These flakes are typically pink in color and are often quite soggy, soft, and watery. While they may not be as visually appealing as the larger chunks of tuna, once the liquid is drained, they can still be used in a variety of recipes.

In addition, unlike canned sardines, canned tuna doesn’t contain any other parts of the fish but lean tuna steak. It sometimes may have small bones or pieces of skin left in it, although manufacturers make every effort to remove them. If you do find some bones, they are usually small and pose no safety hazard.

But all that said, the taste of food is simply subjective. It is determined by the individual’s own personal preferences. Some people may prefer sardines flavors, while others may prefer tuna. Although it is a matter of preference, sardines are more palatable to eat on their own, while tuna is more versatile for adding to various recipes.

Do Sardines Have More Omega-3 Than Tuna?

omega 3 comparison in tuna and sardines

While sardines and tuna are both highly nutritious, sardines comes out ahead due to their healthy omega-3 fats content and vitamin E. However, tuna can claim a narrow victory when it comes to more protein and fewer calories per serving.

So, let’s examine the nutritional profile of each fish bit closer.

Nutritionally, both canned fish have quite similar properties, which makes them quite a rater comparable to one another.

First, sardines are rich sources of Omega-3 fatty acids and pack a lot bigger punch than tuna.

A single serving size, 3.5-ounce (100-gram) of sardines, contains 0.47g of EPA and 0.5g of DHA of heart-healthy omega-3 fatty acids, while in comparison, the same serving of 3.5 oz (100g) of tuna offers only 0.027 g of EPA and 0.1 of DHA [1], [2].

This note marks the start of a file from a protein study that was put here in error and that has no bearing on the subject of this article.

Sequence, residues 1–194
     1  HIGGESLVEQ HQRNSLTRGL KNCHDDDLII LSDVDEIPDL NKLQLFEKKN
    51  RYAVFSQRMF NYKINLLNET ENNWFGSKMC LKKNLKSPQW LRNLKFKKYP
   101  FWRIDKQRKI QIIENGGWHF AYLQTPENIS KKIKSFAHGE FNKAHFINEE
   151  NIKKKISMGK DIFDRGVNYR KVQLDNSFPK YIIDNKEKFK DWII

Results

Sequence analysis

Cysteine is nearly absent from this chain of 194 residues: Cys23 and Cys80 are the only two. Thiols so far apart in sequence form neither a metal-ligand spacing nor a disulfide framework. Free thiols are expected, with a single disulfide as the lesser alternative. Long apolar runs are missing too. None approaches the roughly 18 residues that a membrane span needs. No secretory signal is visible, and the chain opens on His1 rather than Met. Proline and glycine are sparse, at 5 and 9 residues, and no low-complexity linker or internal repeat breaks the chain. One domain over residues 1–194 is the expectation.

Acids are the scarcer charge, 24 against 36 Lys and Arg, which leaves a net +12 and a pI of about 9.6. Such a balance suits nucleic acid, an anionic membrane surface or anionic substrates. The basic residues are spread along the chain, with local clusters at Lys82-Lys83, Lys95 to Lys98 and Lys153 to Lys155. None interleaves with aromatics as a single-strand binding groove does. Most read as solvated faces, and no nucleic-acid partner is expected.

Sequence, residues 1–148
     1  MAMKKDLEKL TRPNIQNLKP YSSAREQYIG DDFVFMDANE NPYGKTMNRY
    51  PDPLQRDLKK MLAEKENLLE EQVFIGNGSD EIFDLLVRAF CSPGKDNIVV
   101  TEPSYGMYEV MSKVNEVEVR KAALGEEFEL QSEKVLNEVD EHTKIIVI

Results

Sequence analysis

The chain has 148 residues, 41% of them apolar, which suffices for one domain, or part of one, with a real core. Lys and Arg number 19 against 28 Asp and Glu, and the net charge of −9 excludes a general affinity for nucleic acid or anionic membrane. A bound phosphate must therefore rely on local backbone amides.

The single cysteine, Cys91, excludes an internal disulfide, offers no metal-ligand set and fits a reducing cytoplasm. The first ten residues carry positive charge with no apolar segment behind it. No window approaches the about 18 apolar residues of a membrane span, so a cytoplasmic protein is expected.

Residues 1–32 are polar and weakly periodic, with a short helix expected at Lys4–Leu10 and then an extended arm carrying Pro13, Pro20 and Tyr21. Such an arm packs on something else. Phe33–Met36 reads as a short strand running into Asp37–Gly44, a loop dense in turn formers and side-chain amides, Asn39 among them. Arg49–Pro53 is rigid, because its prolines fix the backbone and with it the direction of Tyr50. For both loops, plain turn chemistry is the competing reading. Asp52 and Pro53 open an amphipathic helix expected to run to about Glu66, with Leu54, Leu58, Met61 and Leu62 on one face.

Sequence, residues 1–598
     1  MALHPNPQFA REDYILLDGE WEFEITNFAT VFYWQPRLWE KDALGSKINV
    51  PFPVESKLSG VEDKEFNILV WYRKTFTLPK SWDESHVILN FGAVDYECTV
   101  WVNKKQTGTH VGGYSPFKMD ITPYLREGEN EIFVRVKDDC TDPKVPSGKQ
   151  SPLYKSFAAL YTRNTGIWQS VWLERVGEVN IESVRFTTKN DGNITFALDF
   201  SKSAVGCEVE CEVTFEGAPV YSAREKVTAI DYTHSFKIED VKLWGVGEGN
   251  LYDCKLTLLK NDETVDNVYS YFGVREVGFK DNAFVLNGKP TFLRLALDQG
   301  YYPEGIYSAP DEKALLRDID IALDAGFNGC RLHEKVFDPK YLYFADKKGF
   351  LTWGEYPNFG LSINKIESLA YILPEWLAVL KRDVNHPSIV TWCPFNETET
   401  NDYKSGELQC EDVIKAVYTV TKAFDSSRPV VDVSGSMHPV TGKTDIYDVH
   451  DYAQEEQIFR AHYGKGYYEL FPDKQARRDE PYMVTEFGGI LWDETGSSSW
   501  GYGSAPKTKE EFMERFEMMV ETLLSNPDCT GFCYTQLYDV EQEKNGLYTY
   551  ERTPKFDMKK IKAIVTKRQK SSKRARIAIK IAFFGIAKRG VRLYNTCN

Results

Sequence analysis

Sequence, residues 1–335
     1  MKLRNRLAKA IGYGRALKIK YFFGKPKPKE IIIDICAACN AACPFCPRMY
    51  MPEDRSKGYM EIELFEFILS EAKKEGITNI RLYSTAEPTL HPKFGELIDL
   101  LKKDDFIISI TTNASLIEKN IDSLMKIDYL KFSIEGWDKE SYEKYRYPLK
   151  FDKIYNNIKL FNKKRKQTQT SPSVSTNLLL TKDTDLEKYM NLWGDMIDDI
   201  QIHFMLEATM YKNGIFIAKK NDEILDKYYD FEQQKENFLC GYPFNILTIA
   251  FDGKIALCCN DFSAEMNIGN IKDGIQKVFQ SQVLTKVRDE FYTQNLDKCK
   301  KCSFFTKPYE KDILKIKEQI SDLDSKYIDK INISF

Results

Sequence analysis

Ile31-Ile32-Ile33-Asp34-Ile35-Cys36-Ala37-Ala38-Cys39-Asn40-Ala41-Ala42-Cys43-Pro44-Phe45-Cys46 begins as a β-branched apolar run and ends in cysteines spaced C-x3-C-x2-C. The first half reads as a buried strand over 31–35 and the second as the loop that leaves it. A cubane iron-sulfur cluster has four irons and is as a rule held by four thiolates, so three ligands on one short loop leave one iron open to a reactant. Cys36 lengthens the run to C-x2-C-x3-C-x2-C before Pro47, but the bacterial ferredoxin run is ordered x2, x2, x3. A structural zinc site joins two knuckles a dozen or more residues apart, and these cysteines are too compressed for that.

Doing the math gives a clear winner—one serving of sardines has a total of 0.97 g of Omega-3 fatty acids, while the same portion of canned tuna only provides 0.12 g.

But this is not the only victory for the humble sardine, as they also have higher levels of Vitamin E. One serving (3.5 oz) of sardines contains 2.04 mg of vitamin E, while an equal amount of canned tuna contains 0.87 mg—half of what sardines provide [1], [2].

Calcium is also another value where sardines take the lead. As it happens, 100 g (3.5 oz) of canned tuna provides 13 mg of calcium, while the same amount of sardines can get you an impressive 382 mg [1], [2].

eating canned sardines with bones

This considerable difference in calcium content happens due to the canning process. Sardines are often canned together with bones that are soft and easier to chew, naturally giving sardines a higher amount of calcium. In contrast, tuna is carefully deboned before canning.

However, it is not all loss for canned tuna. Most species used for canning are rich in vitamin K, containing 74.8 micrograms compared to sardine’s 4.4 micrograms levels. Likewise, it also has slightly more vitamin B1, B2, B3, and B6 than sardines, although the difference is not by a large margin [1], [2].

Sardines vs Tuna, Which Has More Protein And Fat?

canned tuna nutrition label

Regarding protein, both tuna and sardines are good sources, although the balance tips ever-so-slightly in tuna’s favor. On average, a 100 g (3.5 oz) portion of canned sardines contains 24 g of protein, while a similarly-sized can of tuna has 26 g.

canned sardines nutrition label

However, sardines tend to have a higher fat content. Per the aforementioned 3.5 oz (100 g) serving, canned sardines in water have, on average, 5-11 g of fat, while canned tuna in water sits at a much lower level of an average of 0.5- 2g of fat. Naturally, these numbers will be higher if your select fish is canned in oil.

Tuna vs Sardines Calories

Because of the higher fat content, sardines also have a higher caloric profile, although not by much.

With both portions sitting at 100 g (3.5 oz), sardines have, on average, 180 calories, while tuna provides merely 110 calories. If you wish to lower your caloric intake, always opt for tuna canned in water or brine [3],[4].